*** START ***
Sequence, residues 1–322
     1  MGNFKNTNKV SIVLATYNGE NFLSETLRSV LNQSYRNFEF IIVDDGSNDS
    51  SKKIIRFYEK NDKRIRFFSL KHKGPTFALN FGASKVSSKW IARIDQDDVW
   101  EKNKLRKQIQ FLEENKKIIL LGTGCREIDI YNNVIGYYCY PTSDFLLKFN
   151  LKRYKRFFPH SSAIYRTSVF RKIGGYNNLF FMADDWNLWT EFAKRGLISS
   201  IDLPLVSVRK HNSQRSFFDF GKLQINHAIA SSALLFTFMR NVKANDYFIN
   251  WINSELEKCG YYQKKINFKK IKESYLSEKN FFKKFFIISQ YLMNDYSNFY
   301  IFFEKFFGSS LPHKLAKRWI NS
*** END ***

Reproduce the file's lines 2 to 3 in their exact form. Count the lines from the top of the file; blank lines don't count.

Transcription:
     1  MGNFKNTNKV SIVLATYNGE NFLSETLRSV LNQSYRNFEF IIVDDGSNDS
    51  SKKIIRFYEK NDKRIRFFSL KHKGPTFALN FGASKVSSKW IARIDQDDVW